By Michelle Starr | Science Alert
Rats afflicted with liver cancer have demonstrated the efficacy of a fascinating, non-invasive treatment.
Using focused ultrasound, scientists have managed to destroy up to 75% of the volume of a liver tumour. The treatment also seems to trigger the rats’ immune systems into taking over and clearing the rest.
In 80% of the animals, the cancer seemed to be destroyed, with no sign of metastases or recurrence in the three months they were monitored for, the researchers said.
The treatment, called histotripsy, is currently being trialed in humans with liver cancer.
“Histotripsy is a promising option that can overcome the limitations of currently available ablation modalities and provide safe and effective non-invasive liver tumour ablation,” said biomedical engineer Tejaswi Worlikar of the University of Michigan.
“We hope that our learnings from this study will motivate future preclinical and clinical histotripsy investigations toward the ultimate goal of clinical adoption of histotripsy treatment for liver cancer patients.”
Developed and pioneered at the University of Michigan, histotripsy seems to offer new hope for patients with one of the deadliest forms of cancer: the five-year survival rate for liver cancer is currently lower than 18% in the US.
The technique employs an ultrasound transducer, not for bouncing off internal structures for imaging purposes, but to physically disrupt cancerous tumours.
The way it works is by ultrasound cavitation – similar to the method used to non-invasively break down fat cells for weight-loss treatments. Waves of ultrasound are directed at the area to be treated; the vibrations generate tiny bubbles in the targeted tissue. When the bubbles collapse, or burst, the tissue is disrupted, destroying that part of the tumour.
It’s not often possible to target the entire tumour. The way the masses are positioned, their size and their stage can all influence whether it’s safe to use histotripsy on the entire tumour.
But even partial treatment resulted in complete regression in 81% of the rats treated, the researchers found. By contrast, 100% of the control rats showed tumour progression.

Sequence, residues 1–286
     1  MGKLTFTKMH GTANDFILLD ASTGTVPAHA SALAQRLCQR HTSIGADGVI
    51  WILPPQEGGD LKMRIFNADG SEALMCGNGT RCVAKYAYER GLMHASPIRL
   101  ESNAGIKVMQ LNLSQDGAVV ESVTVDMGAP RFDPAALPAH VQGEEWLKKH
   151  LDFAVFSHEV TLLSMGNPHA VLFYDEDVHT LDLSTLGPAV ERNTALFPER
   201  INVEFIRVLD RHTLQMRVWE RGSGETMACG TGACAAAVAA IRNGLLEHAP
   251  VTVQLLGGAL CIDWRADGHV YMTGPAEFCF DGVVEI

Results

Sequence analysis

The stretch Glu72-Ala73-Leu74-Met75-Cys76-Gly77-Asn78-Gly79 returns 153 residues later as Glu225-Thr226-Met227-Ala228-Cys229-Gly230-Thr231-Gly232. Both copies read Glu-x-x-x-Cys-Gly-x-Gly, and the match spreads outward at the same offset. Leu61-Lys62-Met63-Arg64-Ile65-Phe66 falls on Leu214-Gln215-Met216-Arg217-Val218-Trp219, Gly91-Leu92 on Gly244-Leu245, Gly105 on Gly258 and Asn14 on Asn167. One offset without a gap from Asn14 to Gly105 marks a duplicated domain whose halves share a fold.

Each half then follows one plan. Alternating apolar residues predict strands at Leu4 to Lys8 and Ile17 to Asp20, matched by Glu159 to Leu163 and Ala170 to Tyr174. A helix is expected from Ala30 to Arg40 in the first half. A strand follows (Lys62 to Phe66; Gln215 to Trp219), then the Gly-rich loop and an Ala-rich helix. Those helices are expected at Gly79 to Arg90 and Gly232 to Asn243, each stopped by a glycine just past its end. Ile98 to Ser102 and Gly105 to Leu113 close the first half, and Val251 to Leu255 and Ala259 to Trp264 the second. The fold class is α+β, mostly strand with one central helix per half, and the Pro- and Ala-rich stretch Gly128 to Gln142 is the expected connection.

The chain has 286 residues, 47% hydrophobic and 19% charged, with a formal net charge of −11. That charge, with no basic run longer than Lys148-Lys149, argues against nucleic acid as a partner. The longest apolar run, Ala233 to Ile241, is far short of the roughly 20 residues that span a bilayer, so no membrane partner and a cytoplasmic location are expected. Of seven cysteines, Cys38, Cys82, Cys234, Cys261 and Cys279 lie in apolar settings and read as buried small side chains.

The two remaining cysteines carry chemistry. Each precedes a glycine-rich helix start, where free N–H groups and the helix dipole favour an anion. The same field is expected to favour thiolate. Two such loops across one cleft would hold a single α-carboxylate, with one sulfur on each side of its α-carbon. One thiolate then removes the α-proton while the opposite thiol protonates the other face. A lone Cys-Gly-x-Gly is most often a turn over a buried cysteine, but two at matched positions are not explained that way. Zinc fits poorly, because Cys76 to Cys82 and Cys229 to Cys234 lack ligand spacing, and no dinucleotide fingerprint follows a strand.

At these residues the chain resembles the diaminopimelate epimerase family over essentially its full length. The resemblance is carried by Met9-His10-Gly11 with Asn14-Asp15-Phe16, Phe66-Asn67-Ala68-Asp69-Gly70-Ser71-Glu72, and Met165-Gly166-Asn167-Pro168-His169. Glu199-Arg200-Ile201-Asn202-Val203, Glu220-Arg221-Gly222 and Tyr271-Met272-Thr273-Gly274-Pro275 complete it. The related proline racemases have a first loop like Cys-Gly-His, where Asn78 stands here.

“Our transducer, designed and built at [University of Michigan], delivers high amplitude microsecond-length ultrasound pulses – acoustic cavitation – to focus on the tumour specifically to break it up,” said biomedical engineer Zhen Xu of the University of Michigan.
“Even if we don’t target the entire tumour, we can still cause the tumour to regress and also reduce the risk of future metastasis.”
For the purpose of this study, 22 lab rats were implanted with liver cancer. Half were left as a control group, while the remaining 11 were treated using histotripsy, targeting between 50 and 75% of the tumour volume.
An additional three rats were treated to a lesser extent, with the histotripsy targeting just 25% of the tumour volume.
Following treatment, the rats were euthanized and dissected to determine how successful the treatment had been. The researchers looked for signs of progression, metastasis, and immune markers.
The prognosis for the control rats was dire. All 11 showed signs of progression and metastasis. Within three weeks, the tumours reached the maximum size allowed by ethical protocols and the animals were euthanized.
But the treated rats fared much, much better. Not only did the treatment proceed without complication or side effects, the majority of the rats – nine of the 11 – showed tumour regression, and experienced tumour-free survival for the remainder of the study, around 10 weeks.
Previous histotripsy studies had demonstrated that the treatment is effective at reducing tumour volume. The new work shows that it seems to significantly increase survival rates post-treatment, too.
“This study demonstrated the potential of histotripsy for successful non-invasive tumour ablation, and prevention of local tumour progression and metastasis. Even with partial ablation, complete local tumour regression was observed in 9 of 11 treatment rats, with no recurrence or metastasis up to the 12-week study endpoint, as evidenced by MRI and histology,” the researchers wrote in their paper.
“These results suggest that histotripsy may not increase the risk of developing metastases post-ablation, as compared to controls. Future studies will continue to investigate the safety, efficacy, and biological effects of histotripsy, for potential translation to clinic.”
The research has been published in Cancers.
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